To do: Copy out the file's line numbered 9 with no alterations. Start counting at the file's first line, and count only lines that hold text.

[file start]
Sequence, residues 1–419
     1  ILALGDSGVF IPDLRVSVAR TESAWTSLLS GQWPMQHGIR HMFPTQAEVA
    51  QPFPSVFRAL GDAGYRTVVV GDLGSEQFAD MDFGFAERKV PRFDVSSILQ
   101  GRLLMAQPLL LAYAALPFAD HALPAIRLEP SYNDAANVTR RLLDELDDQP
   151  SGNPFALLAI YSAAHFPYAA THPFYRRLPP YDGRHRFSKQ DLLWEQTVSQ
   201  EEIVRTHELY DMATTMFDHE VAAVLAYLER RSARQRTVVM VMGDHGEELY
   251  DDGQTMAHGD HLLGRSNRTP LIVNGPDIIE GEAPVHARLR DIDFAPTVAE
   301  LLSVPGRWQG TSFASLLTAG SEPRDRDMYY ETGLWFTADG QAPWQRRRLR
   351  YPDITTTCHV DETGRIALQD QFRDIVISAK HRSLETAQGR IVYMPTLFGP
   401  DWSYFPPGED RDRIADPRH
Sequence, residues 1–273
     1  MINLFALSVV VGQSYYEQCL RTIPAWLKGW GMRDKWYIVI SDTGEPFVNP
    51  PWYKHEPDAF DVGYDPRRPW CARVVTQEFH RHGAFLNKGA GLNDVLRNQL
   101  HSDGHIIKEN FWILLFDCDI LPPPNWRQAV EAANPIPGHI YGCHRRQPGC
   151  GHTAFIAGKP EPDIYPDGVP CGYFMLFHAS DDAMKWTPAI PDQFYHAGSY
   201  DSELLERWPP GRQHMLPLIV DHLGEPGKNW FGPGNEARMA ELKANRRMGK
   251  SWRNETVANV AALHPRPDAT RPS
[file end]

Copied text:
   351  YPDITTTCHV DETGRIALQD QFRDIVISAK HRSLETAQGR IVYMPTLFGP